Chickens don't necessarily go inside when it rains--and as we've discussed, it's not because they're not smart enough. They're smart! They just know that they're outfitted with pretty durn good rain gear: water repellent feathers. Especially in light rains, water just rolls right off. (Ducks have even more effectively water repellent feathers--you may have heard the phrase "like water off a duck's back.")
If you've ever wondered how that works, your first thought was probably that when they preen, the oil from their oil gland provides a protective coating, making for water repellent feathers. But you may be surprised to learn that the uropygial gland---the oil gland---is not the reason that water rolls right off at all! It's actually the structure of the feathers themselves.
When we're looking at feather structure, we start with the shaft, which is composed of the calamus (close to the body) and the rachis (further out). The shaft is What you may think of as the central quill. If you were a wizard---are you? 'cause that would be awesome, and I have a few jobs for you, starting with World Peace---you would be writing your spells and scrolls, and I suppose even your grocery list, with a quill, where the calamus has been trimmed and dipped in ink.
Branching out from the rachis are the vanes, which is the entire structure to the sides of the shaft. The vanes are made up of the barbs, which emerge from the rachis part of the shaft, and tiny barbules that knit the barbs together. Then from the barbules, even smaller hooklets or barbicels--they keep the barbules together.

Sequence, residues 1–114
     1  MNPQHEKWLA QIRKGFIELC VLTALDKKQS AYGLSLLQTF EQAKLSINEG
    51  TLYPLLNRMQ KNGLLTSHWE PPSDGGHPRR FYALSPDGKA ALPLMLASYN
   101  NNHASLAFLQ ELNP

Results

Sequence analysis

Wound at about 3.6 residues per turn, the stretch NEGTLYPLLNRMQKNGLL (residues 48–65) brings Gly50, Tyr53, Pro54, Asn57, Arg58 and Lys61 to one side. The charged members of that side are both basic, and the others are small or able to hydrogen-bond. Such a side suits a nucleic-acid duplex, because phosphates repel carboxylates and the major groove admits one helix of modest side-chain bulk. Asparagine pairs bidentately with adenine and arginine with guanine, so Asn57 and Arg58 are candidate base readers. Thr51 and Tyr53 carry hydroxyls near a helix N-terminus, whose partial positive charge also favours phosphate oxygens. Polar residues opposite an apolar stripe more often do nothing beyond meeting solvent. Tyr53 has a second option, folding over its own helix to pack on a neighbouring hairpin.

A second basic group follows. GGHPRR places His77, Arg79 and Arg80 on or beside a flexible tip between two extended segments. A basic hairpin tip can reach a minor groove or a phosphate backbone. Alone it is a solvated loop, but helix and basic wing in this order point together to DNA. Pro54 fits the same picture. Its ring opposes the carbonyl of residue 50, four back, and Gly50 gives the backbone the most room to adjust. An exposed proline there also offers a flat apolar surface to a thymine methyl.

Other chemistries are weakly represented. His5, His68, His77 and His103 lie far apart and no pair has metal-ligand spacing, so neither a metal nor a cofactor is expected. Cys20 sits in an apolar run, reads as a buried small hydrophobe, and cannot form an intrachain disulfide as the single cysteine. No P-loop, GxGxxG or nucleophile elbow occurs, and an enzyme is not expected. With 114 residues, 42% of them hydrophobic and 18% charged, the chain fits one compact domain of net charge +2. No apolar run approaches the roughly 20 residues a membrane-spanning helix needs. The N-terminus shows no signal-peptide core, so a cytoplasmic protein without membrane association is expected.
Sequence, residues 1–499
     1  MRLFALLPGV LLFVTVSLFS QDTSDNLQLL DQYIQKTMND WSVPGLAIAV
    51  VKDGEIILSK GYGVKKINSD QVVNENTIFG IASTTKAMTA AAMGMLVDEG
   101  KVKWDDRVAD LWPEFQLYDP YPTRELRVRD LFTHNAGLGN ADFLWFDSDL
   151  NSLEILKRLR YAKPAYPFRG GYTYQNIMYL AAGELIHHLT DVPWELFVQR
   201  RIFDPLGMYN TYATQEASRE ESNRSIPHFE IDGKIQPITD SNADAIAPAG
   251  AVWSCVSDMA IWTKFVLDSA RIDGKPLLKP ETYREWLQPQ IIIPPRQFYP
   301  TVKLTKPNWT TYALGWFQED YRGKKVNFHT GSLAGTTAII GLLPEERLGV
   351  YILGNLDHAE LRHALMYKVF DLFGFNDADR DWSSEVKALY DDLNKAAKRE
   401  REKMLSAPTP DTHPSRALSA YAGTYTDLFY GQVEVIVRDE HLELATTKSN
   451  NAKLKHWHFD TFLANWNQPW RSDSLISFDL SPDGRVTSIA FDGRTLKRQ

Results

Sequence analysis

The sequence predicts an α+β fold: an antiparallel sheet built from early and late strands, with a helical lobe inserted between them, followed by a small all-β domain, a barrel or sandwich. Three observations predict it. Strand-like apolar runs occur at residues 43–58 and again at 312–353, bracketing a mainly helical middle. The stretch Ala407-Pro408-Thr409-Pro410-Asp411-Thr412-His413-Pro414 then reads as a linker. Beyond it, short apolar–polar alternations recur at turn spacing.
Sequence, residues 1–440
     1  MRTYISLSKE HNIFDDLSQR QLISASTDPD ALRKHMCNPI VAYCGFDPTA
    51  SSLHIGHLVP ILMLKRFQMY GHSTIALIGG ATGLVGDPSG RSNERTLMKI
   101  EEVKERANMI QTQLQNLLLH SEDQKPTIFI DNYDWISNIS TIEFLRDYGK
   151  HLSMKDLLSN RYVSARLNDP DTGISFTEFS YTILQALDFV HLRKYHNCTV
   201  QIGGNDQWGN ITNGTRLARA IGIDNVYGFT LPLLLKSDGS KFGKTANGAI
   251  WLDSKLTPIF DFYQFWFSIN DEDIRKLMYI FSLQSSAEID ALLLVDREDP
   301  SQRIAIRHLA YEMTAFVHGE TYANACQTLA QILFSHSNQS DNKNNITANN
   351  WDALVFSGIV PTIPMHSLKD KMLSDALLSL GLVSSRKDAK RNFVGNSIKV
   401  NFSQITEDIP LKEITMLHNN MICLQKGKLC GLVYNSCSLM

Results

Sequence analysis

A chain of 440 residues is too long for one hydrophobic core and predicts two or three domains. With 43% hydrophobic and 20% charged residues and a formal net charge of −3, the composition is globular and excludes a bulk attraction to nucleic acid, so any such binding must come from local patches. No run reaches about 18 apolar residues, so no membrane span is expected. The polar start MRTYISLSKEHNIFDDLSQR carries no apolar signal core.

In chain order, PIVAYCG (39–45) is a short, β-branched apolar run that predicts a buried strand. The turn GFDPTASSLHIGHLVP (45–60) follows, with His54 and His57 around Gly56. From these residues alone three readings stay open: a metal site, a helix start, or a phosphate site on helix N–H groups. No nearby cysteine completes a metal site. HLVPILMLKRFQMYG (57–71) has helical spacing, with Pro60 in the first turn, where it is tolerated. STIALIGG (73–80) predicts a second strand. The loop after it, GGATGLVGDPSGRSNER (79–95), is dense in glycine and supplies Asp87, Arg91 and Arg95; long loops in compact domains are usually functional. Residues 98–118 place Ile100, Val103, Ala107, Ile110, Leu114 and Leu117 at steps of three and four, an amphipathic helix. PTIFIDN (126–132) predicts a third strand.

Chickens have water repellent feathers due to the contact angle between the water and the feathers at a microscopic level. The structure--the hooklets, barbules and so forth--create tiny little pockets of air, making the feathers not only water repellent but ALSO quite insulating.
This goes for most chickens breeds. Silkies, however, are lacking some of the feather structure---this is why they feel furry!---so their feathers tend to get wet earlier than other breeds's feathers do.
But the structure of the feather is so efficient at repelling water and insulating, that Gore-Tex based its water repellent fabric on the same principals.
So... what is the uropygial gland--the oil gland--used for, if not for water repellency? It does help with repellency in that it assists in keeping the feathers in condition. Chickens preen and spread the oil on their feathers for basically the same reasons you or I might use conditioner. If their feathers get dry, brittle and broken, the physical structure deteriorates, so the water can penetrate. and soak the feathers.
It's worth noting that chicken feathers are not waterproof! They are merely water resistant. They will get soaked in a long or pouring rain, despite their amazing feathers. Some other types of birds have additional adaptations that make their feathers even more water resistant (powder down, for example).
So how is this information about water repellent feathers useful to you? Okay--I admit it. It's probably not---not unless you are a, er, competitive trivia-er. But it will, hopefully, help you understand some of the reasons why your chickens may not go inside when it rains--and it may also help you understand the importance of helping your chickens maintain good feather condition. So be sure to provide them with a good, high protein diet (especially during molting, when they're growing in their new feathers for the year) and plenty of space to avoid stress, picking and wear.